School of Agricultural, Earth and Environmental Sciences

Ms Demi Lamp who now lives in Croatia.

Three Years Done and Dusted and Now a Geologist

‘Three years done and dusted, and now I’m a geologist!’ exclaimed cum laude Geological Sciences graduate Ms Demi Lamp.

‘It still sounds weird to say,’ she continued. ‘UKZN gave me the opportunity to get an internationally recognised degree that allows me to travel the world and experience natural beauty. I have graduated and I am sitting in Croatia. Just think – you could be here too!’

UKZN always interested Lamp, with its beautiful buildings and exciting campus life. But what really motivated her to study at the Institution was the Geological Sciences programme on offer – one of the best in South Africa that enjoys international recognition.

‘The hundreds of thousands of rock and mineral samples collected from all over the world, which are available for the students as well as the high-tech geological equipment were both big motivators for me,’ she said.

Lamp explained that she had an intense love for the Earth and all its elements from a young age, so a degree in Geological Sciences was a natural choice. ‘I’m a big believer in running the world sustainably and without continuous harm to the flora and fauna that surround us,’ she said. ‘As a geologist I hope to be able to contribute more sustainable and Earth-friendly options for things like mining and electricity, which everyone knows can be harmful to our ecosystem.

‘Oh, and some rocks are quite a sight for sore eyes!’ she added.

On the subject of rocks, Lamp said that the highlight of her degree were the modules that involved using an optical microscope to see rocks and minerals very closely. ‘That is something I wish I could show everyone – it is mind-blowing,’ she said. ‘I used to come home after practicals and show my family photos and videos of what rocks look like under a microscope – I’m sure they were sick of me!

‘Studying has many highs and lows but in the end, it is so rewarding. You meet new people from different backgrounds; when you work hard you get rewarding marks which motivates you further; and being able to work with some of the enthusiastic demonstrators is inspiring.’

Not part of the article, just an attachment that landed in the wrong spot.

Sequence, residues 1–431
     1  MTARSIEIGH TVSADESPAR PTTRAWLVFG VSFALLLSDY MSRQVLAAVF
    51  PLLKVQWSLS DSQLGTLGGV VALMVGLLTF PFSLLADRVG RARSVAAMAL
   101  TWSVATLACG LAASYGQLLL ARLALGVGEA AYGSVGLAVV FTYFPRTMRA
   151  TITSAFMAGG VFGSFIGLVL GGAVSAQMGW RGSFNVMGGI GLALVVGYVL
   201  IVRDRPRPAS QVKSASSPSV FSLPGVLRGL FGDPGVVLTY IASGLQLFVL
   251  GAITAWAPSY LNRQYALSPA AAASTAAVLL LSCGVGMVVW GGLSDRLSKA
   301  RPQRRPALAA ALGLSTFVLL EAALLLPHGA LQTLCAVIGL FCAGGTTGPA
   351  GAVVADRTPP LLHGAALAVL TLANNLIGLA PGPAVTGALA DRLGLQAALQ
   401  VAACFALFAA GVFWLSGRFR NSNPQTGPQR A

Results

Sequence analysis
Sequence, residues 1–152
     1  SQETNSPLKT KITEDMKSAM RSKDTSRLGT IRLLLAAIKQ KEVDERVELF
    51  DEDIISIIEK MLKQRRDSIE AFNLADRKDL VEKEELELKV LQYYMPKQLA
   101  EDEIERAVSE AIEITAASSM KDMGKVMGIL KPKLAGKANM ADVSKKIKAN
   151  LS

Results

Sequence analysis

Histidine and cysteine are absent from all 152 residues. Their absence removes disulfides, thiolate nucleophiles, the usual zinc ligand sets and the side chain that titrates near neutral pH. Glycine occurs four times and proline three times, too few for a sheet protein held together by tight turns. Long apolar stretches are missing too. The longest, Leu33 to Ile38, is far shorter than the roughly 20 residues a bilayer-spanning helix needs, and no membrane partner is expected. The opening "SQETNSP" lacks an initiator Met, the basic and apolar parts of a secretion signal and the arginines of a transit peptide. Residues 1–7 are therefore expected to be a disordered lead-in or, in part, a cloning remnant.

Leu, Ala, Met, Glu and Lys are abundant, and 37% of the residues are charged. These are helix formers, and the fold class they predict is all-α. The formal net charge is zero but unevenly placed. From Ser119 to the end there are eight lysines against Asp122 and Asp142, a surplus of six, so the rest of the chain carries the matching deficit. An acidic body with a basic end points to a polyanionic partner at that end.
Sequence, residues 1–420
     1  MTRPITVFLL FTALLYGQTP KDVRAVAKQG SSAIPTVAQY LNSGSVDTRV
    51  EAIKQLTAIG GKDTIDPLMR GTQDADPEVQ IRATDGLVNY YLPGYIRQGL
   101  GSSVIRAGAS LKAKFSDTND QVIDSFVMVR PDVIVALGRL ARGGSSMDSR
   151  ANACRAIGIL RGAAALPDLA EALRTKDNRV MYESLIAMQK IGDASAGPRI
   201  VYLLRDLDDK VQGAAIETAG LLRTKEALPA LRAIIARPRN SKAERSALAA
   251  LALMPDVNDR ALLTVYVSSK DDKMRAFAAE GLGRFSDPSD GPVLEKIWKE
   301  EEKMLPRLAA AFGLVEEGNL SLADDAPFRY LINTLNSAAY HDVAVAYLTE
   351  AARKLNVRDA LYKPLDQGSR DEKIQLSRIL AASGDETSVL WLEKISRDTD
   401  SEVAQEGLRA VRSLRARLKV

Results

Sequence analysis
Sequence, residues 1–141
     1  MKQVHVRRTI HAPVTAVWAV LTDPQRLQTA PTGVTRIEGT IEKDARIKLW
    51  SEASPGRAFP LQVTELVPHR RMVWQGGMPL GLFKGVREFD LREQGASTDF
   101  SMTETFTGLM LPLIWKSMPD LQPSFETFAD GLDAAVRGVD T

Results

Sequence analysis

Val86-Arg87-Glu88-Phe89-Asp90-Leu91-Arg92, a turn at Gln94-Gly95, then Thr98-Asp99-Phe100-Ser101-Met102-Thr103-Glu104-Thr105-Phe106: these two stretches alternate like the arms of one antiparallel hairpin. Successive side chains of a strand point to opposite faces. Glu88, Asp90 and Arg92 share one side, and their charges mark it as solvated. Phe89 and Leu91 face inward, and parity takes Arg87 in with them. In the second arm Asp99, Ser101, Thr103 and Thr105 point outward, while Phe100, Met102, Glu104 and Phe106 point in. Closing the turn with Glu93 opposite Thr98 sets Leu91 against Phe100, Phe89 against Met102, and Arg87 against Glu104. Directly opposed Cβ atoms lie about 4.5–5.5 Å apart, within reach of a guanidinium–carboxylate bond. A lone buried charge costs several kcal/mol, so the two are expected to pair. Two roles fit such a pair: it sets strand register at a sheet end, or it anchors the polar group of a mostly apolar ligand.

Lamp offered the following advice to students who want to do well: ‘You have to put in the effort. Annoying, I know, but trust me, the more effort and time you put in, the more you will be able to understand. Just remember how cool it feels to be able to show and tell people what you’ve learnt.’

Since finishing her degree she has been travelling around Europe (and of course collecting rocks along the way!) and is currently living in Croatia. ‘I hope my future involves travelling and working overseas at an environmentally friendly company,’ she said. She is also keeping the door open to further study, potentially in a Nordic country (inspired by her “tough love” lecturer Dr Jeremy Woodard, who studied in Finland).

‘A BSc in Geological Sciences is not an easy task,’ said Lamp. ‘I remember, naively, going into this degree thinking it was going to be easy… well if you are going to take anything away from this, it is that geology is not easy. It’s like learning a whole new beautiful language. It’s a lot of hard work and time. But it’s worth it.’

Words: Sally Frost

Photograph: Rajesh Jantilal